[client name deleted] The intentions of China’s news leadership are now clear. What do you think countries like Vietnam and the Philippines should do to cope with China's new assertiveness in the South China Sea? ANSWER: Two recent incidents – the decision by Hainan province authorities to board vessels engaged in illegal activities in Chinese waters and the November 30 th cable cutting incident – indicate that local Chinese authorities continue to set the agenda for the central government in Beijing. Local authorities are actively promoting aggressive actions against the Philippines and Vietnam under the banner of nationalism. What is not clear is whether the newly elected government of Xi Jinping approves or endorses these actions. Xi Jinping will officially take office in March. According to Wu Shicun, the head of Hainan province foreign affairs office, the new law applies to the 12 nautical mile territorial sea surrounding islands that China claims. Wu was quoted as stating that the new regulations “applied to all of the hundreds of islands scattered across the [East] sea, and their surrounding waters.” This would include islands presently under the sovereignty of the Philippines, Malaysia and Vietnam. If the Hainan authorities attempt to enforce the new regulations in areas in dispute they run a high risk of provoking confrontation and possibly even armed conflict. If Chinese actions involved the use of deadly force their actions could be viewed as an act of state piracy if not war. Both the Philippines and Vietnam have announced that they will sent patrol ships to disputed areas to protect national sovereignty. This is a prudent decision. This will be a demanding task if China acts aggressively. In the meantime both Hanoi and Manila need to mobilize the international community to oppose Chinese actions. Already India, the United States and Singapore have either criticized Chinese actions or called for clarification from the central government. Suggested citation: Carlyle A. Thayer, “South China Sea: How Should the Philippines and Vietnam Respond,” Thayer Consultancy Background Brief, December 5, 2012.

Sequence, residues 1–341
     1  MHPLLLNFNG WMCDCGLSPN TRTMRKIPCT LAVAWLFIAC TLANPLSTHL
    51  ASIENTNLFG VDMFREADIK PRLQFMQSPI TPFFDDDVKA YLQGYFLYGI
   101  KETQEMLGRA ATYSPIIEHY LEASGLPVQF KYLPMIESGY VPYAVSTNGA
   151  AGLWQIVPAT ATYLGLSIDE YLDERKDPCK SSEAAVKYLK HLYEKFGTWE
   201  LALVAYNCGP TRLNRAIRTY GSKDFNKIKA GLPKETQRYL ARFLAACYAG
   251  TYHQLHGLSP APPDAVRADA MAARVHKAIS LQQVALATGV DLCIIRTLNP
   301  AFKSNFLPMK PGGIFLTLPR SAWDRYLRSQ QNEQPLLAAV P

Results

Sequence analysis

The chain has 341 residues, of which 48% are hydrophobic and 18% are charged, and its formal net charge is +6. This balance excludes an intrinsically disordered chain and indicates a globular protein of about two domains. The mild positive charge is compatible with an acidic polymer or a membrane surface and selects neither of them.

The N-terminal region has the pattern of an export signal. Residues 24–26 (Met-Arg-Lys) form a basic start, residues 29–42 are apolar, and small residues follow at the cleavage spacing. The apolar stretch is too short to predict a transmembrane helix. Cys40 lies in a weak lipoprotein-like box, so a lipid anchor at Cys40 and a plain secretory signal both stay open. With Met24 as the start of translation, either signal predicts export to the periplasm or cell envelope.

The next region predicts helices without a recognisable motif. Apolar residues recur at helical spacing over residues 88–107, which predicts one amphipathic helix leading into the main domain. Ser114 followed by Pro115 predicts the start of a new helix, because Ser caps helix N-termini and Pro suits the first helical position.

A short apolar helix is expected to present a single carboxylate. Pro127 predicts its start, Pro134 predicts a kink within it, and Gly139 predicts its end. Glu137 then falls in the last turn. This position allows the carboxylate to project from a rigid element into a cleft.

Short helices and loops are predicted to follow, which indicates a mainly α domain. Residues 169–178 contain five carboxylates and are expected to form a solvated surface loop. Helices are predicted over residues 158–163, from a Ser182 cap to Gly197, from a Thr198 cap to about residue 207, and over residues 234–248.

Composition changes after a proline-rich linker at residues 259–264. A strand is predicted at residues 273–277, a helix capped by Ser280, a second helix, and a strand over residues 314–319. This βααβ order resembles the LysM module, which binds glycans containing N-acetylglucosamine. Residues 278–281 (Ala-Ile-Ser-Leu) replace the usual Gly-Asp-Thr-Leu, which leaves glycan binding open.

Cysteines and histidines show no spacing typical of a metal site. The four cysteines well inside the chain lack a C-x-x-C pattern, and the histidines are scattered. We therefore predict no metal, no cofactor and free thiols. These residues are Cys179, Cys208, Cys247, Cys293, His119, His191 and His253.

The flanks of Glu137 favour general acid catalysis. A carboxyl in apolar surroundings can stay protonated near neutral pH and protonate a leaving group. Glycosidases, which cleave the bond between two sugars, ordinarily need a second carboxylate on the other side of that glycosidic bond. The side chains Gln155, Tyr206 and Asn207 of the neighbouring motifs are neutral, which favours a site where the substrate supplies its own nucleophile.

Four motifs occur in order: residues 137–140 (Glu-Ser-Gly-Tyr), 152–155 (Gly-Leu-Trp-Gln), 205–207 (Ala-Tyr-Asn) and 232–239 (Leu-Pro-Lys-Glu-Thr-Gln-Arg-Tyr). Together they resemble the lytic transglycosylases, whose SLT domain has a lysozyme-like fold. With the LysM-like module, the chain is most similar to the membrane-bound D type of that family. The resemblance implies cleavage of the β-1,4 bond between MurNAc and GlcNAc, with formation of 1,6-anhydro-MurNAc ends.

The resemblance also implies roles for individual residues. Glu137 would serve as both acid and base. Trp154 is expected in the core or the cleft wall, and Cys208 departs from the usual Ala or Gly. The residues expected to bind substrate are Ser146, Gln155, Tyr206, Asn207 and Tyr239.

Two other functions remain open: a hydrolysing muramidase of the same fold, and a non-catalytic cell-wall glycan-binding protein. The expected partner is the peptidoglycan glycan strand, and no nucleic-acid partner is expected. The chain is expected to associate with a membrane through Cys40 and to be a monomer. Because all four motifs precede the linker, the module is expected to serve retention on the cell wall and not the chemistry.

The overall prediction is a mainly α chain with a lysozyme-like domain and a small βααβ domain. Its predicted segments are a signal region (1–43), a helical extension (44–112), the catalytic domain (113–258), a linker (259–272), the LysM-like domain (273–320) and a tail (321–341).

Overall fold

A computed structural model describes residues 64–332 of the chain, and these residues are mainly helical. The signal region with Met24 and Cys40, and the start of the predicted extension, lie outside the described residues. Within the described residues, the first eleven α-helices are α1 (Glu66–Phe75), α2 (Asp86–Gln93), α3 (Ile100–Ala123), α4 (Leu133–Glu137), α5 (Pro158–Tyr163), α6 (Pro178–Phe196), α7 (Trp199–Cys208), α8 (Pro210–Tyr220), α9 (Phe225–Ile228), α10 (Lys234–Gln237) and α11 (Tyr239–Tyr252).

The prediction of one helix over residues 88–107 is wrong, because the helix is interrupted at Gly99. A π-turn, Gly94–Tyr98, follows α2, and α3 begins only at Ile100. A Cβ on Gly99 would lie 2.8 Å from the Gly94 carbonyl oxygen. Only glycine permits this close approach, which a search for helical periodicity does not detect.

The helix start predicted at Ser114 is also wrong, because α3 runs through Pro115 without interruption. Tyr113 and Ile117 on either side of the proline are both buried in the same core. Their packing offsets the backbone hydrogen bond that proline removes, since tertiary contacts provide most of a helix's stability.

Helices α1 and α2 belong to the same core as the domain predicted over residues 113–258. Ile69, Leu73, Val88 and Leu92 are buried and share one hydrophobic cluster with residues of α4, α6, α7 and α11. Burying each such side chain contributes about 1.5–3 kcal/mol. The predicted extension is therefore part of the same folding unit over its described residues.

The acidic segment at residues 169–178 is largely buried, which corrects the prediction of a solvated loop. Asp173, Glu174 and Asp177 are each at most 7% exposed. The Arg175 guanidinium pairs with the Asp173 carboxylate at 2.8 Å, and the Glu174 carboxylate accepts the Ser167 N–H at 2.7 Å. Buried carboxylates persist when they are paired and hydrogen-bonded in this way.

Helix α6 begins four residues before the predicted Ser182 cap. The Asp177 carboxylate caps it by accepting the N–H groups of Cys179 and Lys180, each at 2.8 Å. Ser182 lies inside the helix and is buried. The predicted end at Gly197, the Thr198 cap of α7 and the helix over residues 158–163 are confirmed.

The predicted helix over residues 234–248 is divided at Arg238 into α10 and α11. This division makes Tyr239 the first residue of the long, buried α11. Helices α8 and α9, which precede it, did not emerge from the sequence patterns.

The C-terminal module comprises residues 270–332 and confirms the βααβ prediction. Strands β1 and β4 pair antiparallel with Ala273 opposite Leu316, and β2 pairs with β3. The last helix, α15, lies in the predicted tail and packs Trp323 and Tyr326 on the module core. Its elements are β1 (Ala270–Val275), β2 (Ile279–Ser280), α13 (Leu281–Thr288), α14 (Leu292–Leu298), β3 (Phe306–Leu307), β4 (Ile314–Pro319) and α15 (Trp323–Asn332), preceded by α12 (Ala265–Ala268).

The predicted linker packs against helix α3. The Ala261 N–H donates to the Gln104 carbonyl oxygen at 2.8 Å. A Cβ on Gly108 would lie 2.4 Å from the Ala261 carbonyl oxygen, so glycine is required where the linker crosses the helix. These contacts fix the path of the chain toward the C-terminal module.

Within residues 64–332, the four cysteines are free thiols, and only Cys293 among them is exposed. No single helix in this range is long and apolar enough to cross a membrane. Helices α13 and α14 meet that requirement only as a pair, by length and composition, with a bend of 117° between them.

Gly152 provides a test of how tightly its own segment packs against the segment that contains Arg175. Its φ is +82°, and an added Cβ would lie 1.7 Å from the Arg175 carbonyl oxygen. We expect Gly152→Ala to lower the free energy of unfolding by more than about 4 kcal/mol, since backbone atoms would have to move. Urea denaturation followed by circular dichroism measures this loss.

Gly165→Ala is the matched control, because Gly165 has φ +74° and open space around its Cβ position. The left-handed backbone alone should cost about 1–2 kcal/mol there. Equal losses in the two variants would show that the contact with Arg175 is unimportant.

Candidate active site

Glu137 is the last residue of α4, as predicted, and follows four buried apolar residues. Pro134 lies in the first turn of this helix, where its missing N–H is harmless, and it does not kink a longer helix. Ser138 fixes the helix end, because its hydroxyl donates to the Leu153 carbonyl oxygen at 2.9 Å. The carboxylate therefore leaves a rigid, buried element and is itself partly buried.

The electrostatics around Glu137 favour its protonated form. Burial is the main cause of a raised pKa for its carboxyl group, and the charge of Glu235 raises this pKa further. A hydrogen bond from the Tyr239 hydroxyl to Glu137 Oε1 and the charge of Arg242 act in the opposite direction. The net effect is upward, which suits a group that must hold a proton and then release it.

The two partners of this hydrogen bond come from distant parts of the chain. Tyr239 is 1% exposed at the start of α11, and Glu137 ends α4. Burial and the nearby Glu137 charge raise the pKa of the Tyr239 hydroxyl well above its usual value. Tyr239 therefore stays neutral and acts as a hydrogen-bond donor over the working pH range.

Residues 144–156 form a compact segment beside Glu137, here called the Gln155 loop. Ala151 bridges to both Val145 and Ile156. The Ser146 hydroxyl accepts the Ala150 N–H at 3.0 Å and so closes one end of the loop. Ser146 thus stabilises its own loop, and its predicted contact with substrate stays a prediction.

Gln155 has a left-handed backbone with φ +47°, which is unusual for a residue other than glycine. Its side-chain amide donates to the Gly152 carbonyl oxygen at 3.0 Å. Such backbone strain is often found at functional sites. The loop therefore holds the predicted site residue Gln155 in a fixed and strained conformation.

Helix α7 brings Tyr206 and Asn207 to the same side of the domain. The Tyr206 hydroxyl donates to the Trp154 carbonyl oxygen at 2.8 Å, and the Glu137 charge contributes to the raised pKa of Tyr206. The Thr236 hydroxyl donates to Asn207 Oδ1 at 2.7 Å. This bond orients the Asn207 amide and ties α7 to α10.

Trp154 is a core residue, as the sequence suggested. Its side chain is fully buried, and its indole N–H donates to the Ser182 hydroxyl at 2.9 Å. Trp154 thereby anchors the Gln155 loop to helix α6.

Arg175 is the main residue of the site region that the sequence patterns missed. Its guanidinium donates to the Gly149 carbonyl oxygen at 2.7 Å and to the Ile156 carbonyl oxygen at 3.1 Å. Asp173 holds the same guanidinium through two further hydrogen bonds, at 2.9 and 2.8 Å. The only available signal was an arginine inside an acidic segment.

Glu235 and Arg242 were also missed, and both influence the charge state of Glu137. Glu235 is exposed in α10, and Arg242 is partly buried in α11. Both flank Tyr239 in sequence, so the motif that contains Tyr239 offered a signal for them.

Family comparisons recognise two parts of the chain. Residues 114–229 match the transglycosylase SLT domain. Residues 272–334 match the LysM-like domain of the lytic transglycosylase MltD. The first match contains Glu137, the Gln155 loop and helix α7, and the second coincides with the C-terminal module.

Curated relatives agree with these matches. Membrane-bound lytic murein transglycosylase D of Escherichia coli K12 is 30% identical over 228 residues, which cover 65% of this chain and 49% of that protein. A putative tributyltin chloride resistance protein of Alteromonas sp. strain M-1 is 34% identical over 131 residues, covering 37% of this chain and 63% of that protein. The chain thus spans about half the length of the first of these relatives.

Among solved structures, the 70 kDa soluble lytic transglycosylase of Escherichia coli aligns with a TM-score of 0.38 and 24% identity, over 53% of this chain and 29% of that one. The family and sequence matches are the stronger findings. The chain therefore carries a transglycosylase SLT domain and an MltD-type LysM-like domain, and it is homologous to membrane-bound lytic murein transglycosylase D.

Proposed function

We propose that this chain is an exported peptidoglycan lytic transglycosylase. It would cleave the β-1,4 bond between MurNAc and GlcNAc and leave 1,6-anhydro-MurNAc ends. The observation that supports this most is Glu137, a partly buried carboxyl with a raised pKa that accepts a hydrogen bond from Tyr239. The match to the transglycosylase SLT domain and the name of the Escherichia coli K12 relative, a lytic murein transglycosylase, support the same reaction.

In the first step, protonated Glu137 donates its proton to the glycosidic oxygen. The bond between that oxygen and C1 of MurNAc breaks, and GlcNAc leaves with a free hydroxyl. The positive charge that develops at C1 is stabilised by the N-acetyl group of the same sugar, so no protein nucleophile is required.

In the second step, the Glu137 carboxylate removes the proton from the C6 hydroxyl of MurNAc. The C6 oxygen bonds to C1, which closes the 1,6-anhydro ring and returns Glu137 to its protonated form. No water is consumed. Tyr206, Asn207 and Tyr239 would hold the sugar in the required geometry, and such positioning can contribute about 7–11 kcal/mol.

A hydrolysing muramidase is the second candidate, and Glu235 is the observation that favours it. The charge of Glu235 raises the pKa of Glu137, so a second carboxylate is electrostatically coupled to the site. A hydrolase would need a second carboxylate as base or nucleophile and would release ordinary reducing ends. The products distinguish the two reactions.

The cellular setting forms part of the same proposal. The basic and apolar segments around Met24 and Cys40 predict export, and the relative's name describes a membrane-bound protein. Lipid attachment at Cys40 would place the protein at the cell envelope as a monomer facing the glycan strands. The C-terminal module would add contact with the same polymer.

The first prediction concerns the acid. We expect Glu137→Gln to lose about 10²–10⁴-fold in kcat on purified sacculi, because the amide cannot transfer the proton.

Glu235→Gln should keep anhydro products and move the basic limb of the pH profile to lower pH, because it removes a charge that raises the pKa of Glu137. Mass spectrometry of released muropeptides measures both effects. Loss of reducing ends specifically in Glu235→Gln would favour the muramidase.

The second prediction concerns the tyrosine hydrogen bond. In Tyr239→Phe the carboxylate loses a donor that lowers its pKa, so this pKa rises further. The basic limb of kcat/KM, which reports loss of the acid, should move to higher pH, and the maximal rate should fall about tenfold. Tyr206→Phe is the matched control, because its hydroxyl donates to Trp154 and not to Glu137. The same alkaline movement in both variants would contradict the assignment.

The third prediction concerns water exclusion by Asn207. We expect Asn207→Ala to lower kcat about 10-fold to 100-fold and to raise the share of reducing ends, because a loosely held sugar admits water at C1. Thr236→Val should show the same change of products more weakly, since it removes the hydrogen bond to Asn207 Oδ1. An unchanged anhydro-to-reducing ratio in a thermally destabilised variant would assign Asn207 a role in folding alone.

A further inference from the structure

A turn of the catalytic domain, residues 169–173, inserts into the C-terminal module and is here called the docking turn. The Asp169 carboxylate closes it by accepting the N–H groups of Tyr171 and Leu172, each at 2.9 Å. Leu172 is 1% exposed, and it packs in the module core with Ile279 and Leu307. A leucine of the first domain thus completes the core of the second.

ABN # 65 648 097 123
Background Brief: South China Sea: Illegal Fishing and Cutting Cables – What Next? Carlyle A. Thayer December 5, 2012